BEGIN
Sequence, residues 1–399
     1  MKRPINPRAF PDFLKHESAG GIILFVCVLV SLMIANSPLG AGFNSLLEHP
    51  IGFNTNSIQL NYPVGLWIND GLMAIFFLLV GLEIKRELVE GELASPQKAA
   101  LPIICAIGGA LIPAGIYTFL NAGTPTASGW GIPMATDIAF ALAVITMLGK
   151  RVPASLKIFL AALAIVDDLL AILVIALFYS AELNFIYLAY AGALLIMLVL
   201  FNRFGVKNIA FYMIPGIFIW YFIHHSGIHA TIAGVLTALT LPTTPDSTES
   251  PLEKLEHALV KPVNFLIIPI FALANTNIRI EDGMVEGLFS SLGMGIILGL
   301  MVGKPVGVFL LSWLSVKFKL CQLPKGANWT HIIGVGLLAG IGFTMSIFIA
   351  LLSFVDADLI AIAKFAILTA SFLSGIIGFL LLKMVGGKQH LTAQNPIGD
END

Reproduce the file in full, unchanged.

Sequence, residues 1–399
     1  MKRPINPRAF PDFLKHESAG GIILFVCVLV SLMIANSPLG AGFNSLLEHP
    51  IGFNTNSIQL NYPVGLWIND GLMAIFFLLV GLEIKRELVE GELASPQKAA
   101  LPIICAIGGA LIPAGIYTFL NAGTPTASGW GIPMATDIAF ALAVITMLGK
   151  RVPASLKIFL AALAIVDDLL AILVIALFYS AELNFIYLAY AGALLIMLVL
   201  FNRFGVKNIA FYMIPGIFIW YFIHHSGIHA TIAGVLTALT LPTTPDSTES
   251  PLEKLEHALV KPVNFLIIPI FALANTNIRI EDGMVEGLFS SLGMGIILGL
   301  MVGKPVGVFL LSWLSVKFKL CQLPKGANWT HIIGVGLLAG IGFTMSIFIA
   351  LLSFVDADLI AIAKFAILTA SFLSGIIGFL LLKMVGGKQH LTAQNPIGD